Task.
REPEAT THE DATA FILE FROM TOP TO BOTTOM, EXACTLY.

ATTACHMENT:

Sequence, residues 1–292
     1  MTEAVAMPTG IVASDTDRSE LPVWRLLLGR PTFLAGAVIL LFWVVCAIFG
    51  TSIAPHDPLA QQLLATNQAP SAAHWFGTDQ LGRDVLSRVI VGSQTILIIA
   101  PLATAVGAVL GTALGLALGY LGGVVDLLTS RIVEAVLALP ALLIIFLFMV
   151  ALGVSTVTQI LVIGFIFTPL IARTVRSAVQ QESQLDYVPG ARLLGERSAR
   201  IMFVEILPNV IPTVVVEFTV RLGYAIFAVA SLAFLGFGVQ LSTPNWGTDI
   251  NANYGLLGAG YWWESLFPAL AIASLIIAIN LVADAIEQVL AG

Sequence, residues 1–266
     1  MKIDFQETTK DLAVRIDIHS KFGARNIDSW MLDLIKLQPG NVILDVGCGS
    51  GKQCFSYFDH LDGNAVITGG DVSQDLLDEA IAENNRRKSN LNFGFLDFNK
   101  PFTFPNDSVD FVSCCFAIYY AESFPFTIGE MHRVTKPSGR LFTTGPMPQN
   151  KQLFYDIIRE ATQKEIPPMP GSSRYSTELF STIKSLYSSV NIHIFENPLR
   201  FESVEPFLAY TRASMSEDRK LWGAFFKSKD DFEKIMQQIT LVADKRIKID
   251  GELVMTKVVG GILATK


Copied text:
Sequence, residues 1–292
     1  MTEAVAMPTG IVASDTDRSE LPVWRLLLGR PTFLAGAVIL LFWVVCAIFG
    51  TSIAPHDPLA QQLLATNQAP SAAHWFGTDQ LGRDVLSRVI VGSQTILIIA
   101  PLATAVGAVL GTALGLALGY LGGVVDLLTS RIVEAVLALP ALLIIFLFMV
   151  ALGVSTVTQI LVIGFIFTPL IARTVRSAVQ QESQLDYVPG ARLLGERSAR
   201  IMFVEILPNV IPTVVVEFTV RLGYAIFAVA SLAFLGFGVQ LSTPNWGTDI
   251  NANYGLLGAG YWWESLFPAL AIASLIIAIN LVADAIEQVL AG

Sequence, residues 1–266
     1  MKIDFQETTK DLAVRIDIHS KFGARNIDSW MLDLIKLQPG NVILDVGCGS
    51  GKQCFSYFDH LDGNAVITGG DVSQDLLDEA IAENNRRKSN LNFGFLDFNK
   101  PFTFPNDSVD FVSCCFAIYY AESFPFTIGE MHRVTKPSGR LFTTGPMPQN
   151  KQLFYDIIRE ATQKEIPPMP GSSRYSTELF STIKSLYSSV NIHIFENPLR
   201  FESVEPFLAY TRASMSEDRK LWGAFFKSKD DFEKIMQQIT LVADKRIKID
   251  GELVMTKVVG GILATK